15 September 1995

LOW FORAGE RAISES RISK

Low forage, high concentrate diets put high yielding dairy heifers at increased risk from laminitis, often with severe consequences. Jessica Buss details the latest findings

HIGH-yielding dairy heifers offered low-forage diets risk acute laminitis.

The caution comes from researchers at Liverpool Univer-sity, Veterinary Field Station. Lack of forage causes acidosis which, they say, triggers laminitis.

They advise heifers are introduced on to an adult cattle diet gradually to ensure adequate fibre intakes. This is especially true at housing, when the risk of laminitis is increased.

Liverpool Universitys Dr Bob Ward claims the increase in low-fibre, high-quality silage and high cereal diets can cause acidosis.

"Laminitis incidence was less common after quotas came in because more by-products were fed which are more fibrous than cereals," he says.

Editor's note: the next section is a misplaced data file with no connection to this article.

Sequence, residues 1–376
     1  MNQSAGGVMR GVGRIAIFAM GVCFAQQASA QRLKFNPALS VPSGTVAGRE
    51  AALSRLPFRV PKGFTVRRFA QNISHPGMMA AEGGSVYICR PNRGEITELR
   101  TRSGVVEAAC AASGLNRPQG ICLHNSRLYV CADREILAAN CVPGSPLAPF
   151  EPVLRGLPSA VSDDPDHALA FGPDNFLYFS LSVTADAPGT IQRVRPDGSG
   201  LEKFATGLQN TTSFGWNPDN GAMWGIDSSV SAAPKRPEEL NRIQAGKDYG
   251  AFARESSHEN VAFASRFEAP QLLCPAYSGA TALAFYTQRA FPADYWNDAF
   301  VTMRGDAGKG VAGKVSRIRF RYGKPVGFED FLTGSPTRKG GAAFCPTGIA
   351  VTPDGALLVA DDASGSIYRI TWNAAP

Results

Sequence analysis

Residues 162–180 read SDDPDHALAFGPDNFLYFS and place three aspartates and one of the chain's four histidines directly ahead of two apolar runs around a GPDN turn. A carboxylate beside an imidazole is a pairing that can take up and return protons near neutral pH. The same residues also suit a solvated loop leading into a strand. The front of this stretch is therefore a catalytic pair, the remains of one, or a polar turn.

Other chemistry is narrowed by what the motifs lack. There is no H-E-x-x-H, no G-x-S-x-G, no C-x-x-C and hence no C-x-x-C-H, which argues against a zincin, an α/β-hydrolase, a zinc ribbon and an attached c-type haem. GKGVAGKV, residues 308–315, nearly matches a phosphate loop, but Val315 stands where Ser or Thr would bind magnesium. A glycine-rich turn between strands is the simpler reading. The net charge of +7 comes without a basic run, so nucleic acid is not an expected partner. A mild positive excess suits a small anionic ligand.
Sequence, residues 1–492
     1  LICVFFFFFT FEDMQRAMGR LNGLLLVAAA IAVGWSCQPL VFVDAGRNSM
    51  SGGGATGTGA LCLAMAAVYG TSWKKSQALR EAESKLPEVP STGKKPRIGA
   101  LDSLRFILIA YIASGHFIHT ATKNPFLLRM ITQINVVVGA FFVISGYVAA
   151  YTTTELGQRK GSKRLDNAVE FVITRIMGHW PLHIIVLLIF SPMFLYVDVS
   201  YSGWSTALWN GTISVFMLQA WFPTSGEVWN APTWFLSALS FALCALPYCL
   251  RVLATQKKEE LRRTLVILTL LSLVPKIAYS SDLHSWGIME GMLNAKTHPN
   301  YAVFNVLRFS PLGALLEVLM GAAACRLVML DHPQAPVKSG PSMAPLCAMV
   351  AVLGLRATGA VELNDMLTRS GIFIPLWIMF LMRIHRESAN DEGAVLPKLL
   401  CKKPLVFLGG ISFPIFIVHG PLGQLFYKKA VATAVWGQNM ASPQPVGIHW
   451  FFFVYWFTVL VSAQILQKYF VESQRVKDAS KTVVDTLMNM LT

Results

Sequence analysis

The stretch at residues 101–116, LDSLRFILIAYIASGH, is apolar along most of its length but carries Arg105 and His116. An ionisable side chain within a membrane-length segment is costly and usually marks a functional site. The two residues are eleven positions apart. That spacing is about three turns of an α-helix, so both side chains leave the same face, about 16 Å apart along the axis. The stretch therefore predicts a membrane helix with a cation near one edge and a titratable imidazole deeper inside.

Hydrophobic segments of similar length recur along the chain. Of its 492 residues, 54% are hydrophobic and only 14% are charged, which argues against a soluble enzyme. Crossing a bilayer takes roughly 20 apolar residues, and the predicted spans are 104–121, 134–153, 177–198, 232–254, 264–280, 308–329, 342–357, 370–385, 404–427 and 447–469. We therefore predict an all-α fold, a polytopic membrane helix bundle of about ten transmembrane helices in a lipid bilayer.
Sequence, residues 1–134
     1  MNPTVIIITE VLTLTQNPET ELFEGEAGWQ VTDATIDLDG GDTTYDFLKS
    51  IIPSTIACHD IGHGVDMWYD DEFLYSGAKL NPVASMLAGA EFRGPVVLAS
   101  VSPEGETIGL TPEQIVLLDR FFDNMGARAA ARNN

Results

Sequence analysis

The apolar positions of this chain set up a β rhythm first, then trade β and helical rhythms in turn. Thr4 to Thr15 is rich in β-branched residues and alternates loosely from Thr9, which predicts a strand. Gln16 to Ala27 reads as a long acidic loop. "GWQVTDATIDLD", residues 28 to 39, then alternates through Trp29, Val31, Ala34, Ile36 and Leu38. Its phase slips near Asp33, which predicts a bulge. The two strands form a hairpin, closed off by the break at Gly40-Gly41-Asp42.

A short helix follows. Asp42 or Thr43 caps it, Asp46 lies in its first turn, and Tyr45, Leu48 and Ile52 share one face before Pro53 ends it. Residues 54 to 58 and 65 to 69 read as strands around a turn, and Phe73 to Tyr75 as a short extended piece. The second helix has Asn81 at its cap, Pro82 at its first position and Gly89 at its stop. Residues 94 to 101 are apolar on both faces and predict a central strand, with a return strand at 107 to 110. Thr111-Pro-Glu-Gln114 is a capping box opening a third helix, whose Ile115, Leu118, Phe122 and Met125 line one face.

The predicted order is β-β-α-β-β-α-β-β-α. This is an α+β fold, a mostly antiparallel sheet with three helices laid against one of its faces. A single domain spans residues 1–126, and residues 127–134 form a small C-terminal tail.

As well as including more fibre in the diet to reduce risk of laminitis, Dr Ward recommends housing heifers in straw yards because cubicles and concrete put extra stress on their feet.

John Hughes, Liverpool University researcher and independent dairy consultant, claims to have seen laminitis cases in heifers and second-lactation cows in 9000-litre herds last autumn. "Some of these animals had to be culled," he says.

He warns that stock suffering from laminitis will be sore on all four feet, so it may be difficult to pick them out, for they stand for long periods without moving.

"The only real answer is to get the heifers on straw bedding and watch the diet," he says. "Hay is useful, for it helps keep the rumen stable." &#42

NOT ENOUGH FIBRE – TOO MANY TOXINS

Lack of fibre in the diet reduces rumen pH, causing acidosis. The toxins produced are absorbed through the rumen wall into the bloodstream. These toxins increase blood pressure which causes the laminae of the foot to swell. Because the laminae is trapped between bone and horn it is painful.

The laminae degenerates and damage is permanent.

As the disease originates from the bloodstream, all four feet are affected.

&#8226 Source: Dr Richard Murray, University of Liverpool.

Independent dairy consultant John Hughes: Beware – stock with laminitis will be sore on all feet.

To avoid risk of laminitis, introduce heifers to the adult diet gradually to ensure sufficient fibre intakes.